Food for thought on airline service

It would not be a surprise if passengers think twice about accepting food served on the airline’s flights in future

AuthorPublished: 21st Nov 2016  3:48 pmUpdated: 21st Nov 2016  3:49 pm

In almost every city in India, the airport is far away. For domestic flights, all private airlines remind passengers to report at least two hours before take-off through several text messages. All international passengers are aware that they have to get to the airport well in time to finish customs and security checks, not forgetting collection of boarding pass which also takes considerable time. The least the passengers, who cough up a huge amount to meet the airfare, expect is decent food, if not delicious stuff. They have to leave home at least five hours in advance to make sure they do not miss the flight.

Unlike train or bus passengers, most long distance air travellers totally depend on the airline for lunch or dinner, or even breakfast during early morning flights. The whole cheerful travel mood goes for a toss if a cockroach or a strand of hair is found in a vegetable cutlet. Air India has issued just a customary apology after the unsuspecting Chicago-bound passenger, Rahul Raghuvanshi, from Hyderabad, tweeted how aghast he was to find a cockroach in his cutlet. The photo shows the dead cockroach lying upside down with the insect’s legs all twisted in a repulsive manner. Hygiene was obviously not one of the priorities of Air India because the action they took against the caterer was a mere fine of Rs 1 lakh.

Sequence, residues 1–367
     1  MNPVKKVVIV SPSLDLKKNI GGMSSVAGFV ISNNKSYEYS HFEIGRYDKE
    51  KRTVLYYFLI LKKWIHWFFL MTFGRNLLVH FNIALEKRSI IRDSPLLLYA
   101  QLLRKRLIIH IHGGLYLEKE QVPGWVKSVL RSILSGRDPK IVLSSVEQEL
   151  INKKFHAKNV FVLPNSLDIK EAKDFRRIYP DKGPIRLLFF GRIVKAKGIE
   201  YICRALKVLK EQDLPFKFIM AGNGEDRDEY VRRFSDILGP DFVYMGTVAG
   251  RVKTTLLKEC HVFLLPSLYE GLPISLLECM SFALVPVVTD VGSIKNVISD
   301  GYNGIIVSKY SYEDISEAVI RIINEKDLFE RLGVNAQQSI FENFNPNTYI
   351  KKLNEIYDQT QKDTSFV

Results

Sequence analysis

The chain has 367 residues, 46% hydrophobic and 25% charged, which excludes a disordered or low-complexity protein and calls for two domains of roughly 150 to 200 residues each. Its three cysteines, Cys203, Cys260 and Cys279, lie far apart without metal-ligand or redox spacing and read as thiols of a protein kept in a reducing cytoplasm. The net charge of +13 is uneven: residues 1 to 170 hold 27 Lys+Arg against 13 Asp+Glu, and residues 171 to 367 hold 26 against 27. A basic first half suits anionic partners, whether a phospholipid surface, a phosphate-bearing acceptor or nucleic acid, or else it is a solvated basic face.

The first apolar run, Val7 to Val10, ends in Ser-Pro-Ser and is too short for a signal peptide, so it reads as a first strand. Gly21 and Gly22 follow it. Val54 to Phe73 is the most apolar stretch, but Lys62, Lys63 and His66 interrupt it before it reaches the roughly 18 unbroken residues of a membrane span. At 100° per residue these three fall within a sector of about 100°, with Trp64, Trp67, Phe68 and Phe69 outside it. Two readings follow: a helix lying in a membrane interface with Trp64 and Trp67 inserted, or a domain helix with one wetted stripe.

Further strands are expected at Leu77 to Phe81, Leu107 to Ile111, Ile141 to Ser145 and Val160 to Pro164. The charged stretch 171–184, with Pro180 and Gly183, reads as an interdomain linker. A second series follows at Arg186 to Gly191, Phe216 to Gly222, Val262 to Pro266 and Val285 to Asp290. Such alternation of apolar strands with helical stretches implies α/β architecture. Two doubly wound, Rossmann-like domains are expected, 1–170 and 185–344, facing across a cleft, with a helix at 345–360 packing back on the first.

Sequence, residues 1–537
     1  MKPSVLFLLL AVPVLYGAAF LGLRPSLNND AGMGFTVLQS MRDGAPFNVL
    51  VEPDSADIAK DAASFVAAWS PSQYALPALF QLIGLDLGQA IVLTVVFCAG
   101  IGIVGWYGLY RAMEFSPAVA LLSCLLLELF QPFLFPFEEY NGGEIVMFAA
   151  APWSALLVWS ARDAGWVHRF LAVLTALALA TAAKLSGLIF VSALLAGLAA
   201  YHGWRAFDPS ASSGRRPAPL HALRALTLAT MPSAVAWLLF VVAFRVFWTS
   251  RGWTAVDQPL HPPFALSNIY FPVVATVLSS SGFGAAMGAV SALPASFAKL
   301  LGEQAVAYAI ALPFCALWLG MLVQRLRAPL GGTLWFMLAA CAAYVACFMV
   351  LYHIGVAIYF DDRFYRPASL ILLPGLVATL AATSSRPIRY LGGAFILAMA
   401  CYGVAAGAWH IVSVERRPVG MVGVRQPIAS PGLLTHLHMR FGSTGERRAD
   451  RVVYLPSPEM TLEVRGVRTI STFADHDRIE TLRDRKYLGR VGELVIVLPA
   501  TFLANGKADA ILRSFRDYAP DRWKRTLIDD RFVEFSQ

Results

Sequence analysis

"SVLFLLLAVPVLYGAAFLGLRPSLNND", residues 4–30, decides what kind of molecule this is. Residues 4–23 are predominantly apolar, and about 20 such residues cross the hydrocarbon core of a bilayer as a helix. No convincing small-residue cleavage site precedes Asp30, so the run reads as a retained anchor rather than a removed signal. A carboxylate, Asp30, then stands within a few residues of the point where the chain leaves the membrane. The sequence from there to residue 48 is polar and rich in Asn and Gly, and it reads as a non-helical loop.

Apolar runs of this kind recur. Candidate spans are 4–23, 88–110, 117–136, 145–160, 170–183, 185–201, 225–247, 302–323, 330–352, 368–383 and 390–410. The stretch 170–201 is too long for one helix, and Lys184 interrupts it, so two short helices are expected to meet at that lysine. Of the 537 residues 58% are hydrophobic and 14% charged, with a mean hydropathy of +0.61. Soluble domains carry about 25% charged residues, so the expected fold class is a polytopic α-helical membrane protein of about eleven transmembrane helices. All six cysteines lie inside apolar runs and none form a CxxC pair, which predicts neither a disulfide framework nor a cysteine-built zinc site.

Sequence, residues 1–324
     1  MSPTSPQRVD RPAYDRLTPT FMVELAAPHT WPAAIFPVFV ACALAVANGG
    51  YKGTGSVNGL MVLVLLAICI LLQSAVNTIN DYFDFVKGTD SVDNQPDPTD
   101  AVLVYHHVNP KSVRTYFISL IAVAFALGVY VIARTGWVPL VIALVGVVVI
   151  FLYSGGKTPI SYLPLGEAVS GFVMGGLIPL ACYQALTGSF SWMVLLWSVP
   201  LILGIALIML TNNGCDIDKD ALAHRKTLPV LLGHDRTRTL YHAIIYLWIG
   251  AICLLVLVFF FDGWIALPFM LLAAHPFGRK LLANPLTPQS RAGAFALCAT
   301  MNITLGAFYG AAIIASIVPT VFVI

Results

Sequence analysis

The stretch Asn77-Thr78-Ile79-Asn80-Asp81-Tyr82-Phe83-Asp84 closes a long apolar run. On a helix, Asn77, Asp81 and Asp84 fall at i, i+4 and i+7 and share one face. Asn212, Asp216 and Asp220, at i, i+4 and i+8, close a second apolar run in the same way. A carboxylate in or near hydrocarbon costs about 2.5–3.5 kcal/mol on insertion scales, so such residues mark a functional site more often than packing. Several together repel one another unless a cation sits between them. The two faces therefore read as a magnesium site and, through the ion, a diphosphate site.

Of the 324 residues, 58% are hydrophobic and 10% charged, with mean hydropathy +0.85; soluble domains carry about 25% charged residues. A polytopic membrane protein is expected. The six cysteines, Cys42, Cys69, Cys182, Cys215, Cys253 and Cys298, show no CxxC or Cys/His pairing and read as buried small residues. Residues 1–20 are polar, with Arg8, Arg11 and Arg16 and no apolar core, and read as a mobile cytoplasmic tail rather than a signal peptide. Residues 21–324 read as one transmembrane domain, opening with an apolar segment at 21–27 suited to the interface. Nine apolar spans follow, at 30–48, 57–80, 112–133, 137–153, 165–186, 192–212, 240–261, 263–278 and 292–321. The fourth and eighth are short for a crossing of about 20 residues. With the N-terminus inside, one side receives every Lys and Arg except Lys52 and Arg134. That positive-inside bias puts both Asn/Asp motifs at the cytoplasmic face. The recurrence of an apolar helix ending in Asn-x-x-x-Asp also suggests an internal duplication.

Had the nation’s premier airline taken a more serious view of the gaffe that caused the passenger shock and trauma, the powers-that-be in the company would have summarily sacked the caterer and let the country know the background of the new caterer they hired with particular mention about how hygienic the kitchen there was. As accountability is pushed to the backseat in most government organisations, such a plastic response was expected. No red faces are usually found in the face of embarrassment as the officers know pretty well there would barely be any follow-up investigation.

Even the apology came through only after the issue was trending for a long time on social media. If what the Senior Manager, Corporate Communications, claimed about having “zero tolerance in this respect” is really true, the present caterer should have been shown the door. Instead, food from the same kitchen is going to be served in flights of Air India. It would not be a surprise if passengers think twice about accepting food served on the airline’s flights in future. There should be a clear indication otherwise about the necessary changes the existing caterer carried out to ensure that the kitchen lived up to the stipulated standards of hygiene.